ClearAll clears all definitions associated with the symbol. However, the symbol remains in the symbol table, so all references to that symbol from other symbols (their definitions) remain fully valid. The symbol can then acquire new rules or other global properties associated with it.
Remove removes the symbol from the symbol table. More precisely, it removes the association between the symbol name and the actual symbol. In any case, the symbol becomes unusable (normally. There are ways to still use it, will mention that below). The same is true for all references to that symbol from other symbols, which silently become invalid. What this means is that by using
Remove, one can subtly invalidate the code in ways which will be very hard to track (but see the link below for some suggestions here). For more details on certain interesting properties of
Remove-d symbols, I refer to this discussion.
In terms of their usage, the two functions are quite different.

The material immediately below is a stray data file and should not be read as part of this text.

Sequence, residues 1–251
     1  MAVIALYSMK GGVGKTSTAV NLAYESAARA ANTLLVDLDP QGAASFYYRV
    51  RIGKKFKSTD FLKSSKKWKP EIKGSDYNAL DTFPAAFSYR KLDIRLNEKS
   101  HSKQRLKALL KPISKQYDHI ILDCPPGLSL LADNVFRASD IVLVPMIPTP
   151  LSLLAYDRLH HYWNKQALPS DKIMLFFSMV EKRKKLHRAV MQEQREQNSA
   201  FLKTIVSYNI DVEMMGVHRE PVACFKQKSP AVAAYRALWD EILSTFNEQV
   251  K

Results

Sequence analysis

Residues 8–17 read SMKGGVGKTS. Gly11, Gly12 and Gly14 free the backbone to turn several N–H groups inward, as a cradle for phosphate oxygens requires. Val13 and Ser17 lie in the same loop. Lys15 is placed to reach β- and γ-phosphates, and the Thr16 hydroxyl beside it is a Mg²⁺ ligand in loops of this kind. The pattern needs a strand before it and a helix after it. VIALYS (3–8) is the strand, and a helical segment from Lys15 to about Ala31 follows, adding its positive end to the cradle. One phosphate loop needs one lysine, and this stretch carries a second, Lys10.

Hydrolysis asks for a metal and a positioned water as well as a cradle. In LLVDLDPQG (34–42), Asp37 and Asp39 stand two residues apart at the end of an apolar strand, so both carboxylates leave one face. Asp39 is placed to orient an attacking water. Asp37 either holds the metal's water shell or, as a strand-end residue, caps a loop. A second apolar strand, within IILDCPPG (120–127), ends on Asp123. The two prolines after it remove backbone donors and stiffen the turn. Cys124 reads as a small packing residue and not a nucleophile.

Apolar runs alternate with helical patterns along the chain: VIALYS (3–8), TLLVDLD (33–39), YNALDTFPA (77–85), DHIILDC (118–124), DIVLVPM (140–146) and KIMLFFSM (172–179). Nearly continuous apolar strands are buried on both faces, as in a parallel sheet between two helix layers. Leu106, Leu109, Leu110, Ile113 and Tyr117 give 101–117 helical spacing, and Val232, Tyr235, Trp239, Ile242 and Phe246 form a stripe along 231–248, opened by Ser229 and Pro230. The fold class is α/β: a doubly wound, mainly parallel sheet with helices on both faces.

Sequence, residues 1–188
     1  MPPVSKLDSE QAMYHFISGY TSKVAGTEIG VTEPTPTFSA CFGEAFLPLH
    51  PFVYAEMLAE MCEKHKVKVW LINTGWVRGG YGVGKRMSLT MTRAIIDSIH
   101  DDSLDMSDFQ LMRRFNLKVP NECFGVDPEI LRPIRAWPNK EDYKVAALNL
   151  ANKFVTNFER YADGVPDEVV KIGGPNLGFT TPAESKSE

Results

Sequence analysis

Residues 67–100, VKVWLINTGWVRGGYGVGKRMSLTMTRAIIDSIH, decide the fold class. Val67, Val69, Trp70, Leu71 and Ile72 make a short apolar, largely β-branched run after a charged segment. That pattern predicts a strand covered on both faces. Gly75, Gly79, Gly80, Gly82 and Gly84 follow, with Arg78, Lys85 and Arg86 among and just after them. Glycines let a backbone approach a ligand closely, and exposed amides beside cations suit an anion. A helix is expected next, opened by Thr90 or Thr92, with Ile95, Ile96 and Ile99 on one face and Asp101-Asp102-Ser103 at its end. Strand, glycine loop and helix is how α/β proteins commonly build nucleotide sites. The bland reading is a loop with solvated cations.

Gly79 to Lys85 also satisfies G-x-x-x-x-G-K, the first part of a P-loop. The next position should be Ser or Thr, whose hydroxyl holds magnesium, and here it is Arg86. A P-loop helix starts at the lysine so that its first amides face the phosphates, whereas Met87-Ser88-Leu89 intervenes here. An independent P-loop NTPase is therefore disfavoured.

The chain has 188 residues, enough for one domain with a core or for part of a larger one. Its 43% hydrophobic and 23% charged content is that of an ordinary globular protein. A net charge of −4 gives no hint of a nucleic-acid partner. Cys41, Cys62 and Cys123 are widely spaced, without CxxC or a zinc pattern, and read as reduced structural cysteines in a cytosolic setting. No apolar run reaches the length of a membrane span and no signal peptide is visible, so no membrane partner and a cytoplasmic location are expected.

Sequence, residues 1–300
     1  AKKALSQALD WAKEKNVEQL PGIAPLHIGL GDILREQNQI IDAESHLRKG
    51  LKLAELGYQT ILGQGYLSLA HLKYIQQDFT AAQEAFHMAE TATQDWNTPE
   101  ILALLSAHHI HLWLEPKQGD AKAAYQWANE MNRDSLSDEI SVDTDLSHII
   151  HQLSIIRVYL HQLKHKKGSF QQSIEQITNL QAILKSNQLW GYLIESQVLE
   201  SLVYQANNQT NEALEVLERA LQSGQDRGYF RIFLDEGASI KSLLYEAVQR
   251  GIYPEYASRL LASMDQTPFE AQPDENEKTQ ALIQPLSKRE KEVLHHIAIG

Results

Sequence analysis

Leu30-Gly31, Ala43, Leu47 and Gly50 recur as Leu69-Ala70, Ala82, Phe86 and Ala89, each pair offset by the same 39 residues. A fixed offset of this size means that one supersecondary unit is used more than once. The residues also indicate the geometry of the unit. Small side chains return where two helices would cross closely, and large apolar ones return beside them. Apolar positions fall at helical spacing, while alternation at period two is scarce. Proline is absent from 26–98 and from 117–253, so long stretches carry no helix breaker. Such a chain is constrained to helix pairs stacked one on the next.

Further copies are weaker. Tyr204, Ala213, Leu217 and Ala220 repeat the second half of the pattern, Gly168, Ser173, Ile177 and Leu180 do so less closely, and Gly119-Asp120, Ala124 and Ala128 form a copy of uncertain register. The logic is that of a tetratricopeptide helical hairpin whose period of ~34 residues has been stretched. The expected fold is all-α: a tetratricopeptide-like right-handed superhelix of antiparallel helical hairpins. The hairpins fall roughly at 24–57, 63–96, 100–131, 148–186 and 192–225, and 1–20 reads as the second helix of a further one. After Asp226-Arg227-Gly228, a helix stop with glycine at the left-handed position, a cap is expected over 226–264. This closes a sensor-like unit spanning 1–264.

ClearAll is a function intended for quite frequent and general use.
Remove, however, I view as a much more specialist and lower-level function. In fact, I would advise against using
Remove unless you know exactly what you are doing. It does have a number of advanced uses, but normally the only use which comes to mind is to remove an accidental shadow symbol during the interactive work.
Removedoes everything that
ClearAlldoes AND it also removes the "introduction" of that symbol. Am I missing something? $\endgroup$
ClearAll[a]does nothing in practice, as
ahad no definitions, attributes, etc. Now try